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Review Ring Video Doorbell 2nd Generation

Review Ring Video Doorbell 2nd Generation

Ring's standard model video doorbell is affordable, easy to install, and works well with other smart devices. However, you will have to pay extra to watch archived videos.

Jan 09, 2024 · 8 min read

Olivia Langstaff
By Olivia Langstaff

Staff Writer

Ring Video Doorbell 2nd Generation


Reasonable price

Sharp 1080p video

Easy to install

Can be connected by cable or wireless network connection

Works with Alexa and IFTTT



Non-removable battery

Registration required to view archived videos

Does not support Apple HomeKit or Google Assistant

Ring Video Doorbell Gen 2 Specifications




Amazon Alexa, IFTTT



Observation range

155 degrees



Two-way audio

Night vision


Mechanical Pan/Tilt

Ring's second-generation smart doorbell, the Video Doorbell ($54.99), is a refresh of the original 2015 version. This time, it offers 1080p video (up from 720p on the original), improved audio, and a number of new features including user-only motion detection, making it a significant upgrade over its predecessor. It also responds to Alexa voice commands and interacts with other smart devices using the IFTTT app, but it lacks dual-band Wi-Fi or support for video pre-buffering (to record what's happening before the motion sensor is triggered) like some other devices.

Design and Features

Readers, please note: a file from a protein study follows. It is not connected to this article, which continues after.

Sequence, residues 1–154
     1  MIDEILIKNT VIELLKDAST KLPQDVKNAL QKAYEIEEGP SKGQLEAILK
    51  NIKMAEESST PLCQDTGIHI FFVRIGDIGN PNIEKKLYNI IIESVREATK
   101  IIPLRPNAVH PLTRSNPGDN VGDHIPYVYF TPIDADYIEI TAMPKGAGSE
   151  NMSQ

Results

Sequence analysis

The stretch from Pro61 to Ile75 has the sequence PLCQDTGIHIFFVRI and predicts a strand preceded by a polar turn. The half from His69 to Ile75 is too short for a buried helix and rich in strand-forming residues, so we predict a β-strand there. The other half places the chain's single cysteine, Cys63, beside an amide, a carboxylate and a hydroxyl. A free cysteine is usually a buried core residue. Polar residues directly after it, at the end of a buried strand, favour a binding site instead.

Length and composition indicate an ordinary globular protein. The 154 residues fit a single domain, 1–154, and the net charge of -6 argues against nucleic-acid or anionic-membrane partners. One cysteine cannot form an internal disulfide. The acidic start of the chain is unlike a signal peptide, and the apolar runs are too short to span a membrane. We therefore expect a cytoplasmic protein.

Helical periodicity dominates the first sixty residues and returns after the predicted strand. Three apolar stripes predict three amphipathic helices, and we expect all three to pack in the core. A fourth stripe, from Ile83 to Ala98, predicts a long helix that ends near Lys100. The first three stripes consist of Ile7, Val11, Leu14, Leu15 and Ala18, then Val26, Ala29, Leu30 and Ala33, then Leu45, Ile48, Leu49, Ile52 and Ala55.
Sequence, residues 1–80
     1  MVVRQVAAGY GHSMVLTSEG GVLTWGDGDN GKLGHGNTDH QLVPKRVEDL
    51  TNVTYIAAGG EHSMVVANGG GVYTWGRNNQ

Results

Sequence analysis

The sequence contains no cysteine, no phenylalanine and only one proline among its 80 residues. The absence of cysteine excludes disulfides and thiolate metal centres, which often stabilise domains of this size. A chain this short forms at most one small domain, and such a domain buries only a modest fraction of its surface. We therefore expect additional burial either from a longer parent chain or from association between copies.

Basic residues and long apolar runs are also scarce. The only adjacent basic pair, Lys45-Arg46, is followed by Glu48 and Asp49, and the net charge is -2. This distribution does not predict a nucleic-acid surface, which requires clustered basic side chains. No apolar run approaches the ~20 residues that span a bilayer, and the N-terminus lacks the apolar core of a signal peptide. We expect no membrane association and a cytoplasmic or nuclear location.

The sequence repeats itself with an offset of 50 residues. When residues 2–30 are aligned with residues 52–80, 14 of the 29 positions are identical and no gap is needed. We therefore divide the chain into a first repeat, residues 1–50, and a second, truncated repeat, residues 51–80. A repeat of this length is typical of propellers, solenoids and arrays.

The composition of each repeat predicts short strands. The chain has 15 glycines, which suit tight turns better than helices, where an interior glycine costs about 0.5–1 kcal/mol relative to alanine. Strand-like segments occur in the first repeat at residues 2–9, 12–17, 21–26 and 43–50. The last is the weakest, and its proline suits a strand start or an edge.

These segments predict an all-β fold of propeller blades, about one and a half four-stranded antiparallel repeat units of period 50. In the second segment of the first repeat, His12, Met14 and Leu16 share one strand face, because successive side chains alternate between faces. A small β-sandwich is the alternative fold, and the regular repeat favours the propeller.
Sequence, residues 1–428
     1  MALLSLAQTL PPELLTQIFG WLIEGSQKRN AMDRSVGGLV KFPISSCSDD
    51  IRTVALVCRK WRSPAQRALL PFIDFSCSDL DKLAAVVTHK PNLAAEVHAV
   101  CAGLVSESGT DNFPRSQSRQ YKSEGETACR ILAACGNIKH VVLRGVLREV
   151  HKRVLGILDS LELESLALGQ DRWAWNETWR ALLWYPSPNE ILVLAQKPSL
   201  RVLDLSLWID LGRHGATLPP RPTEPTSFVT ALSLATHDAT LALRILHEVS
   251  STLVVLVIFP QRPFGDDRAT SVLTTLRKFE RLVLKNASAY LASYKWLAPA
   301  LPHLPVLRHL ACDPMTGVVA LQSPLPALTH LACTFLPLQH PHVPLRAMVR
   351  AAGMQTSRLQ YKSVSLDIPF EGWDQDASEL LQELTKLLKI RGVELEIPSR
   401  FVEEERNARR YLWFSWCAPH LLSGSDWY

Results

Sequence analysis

With its Satin Nickel and glossy black finish (it’s also available in Venetian Bronze), the Ring Video Doorbell maintains the same design used by the original, the Video Doorbell 2, and the Video Doorbell 3 Plus. Measuring 4.9 by 2.4 by 1.1 inches (HWD), it’s bulkier than the Vivint Doorbell Camera Pro (4.6 by 1.5 by 1.3 inches), but still a hair smaller than its more expensive sibling, the Video Doorbell 3 Plus (5.1 by 2.4 by 1.1 inches).

The top black part of the device contains the camera and microphone, while the bottom silver part holds the doorbell button, which is surrounded by a flashing blue LED ring when the button is pressed. The bottom edge contains a speaker used for two-way communication and to play the doorbell sound.

Ring App

Inside the device is a Wi-Fi transceiver that operates at 2.4 GHz. While other Ring doorbells have removable battery packs, this model uses a non-removable rechargeable battery that is rated to last from 6 to 12 months between charges (depending on usage). To charge the device, you must physically remove the entire device, bring it indoors, and power it up using the included USB cable. However, you can also hardwire it to your existing doorbell wiring for continuous charging. The USB charging port, two wire connectors, and the Setup button are all located on the back.

The doorbell's camera records video at 1080p resolution, has a 155-degree field of view, and uses infrared LEDs to record black-and-white video at night. It will start recording video and sending notifications when someone presses the button or when it senses motion. If you have an Amazon Alexa device, it will tell you when the doorbell button is pressed.

Like all Ring cameras, you will need to subscribe to a Ring Protect Plan to access stored video. At $3 per month/$30 per year, the Basic Plan is affordable and provides you with 60 days of rolling storage, video sharing, and snapshots for one device. If you own multiple Ring devices, the $10 per month/$100 per year Plus Plan will provide you with 60 days of storage for all of your devices as well as professional monitoring service if you own a Ring Alarm system.

Like other Ring doorbells, the second-generation model works with Alexa voice commands and supports IFTTT apps that allow it to interact with third-party smart home devices. It also works with Keikset, Schlage, and Yale smart locks, allowing you to lock and unlock your door from within the Ring app. That said, it lacks support for Google Assistant voice commands and does not work with Apple's HomeKit platform.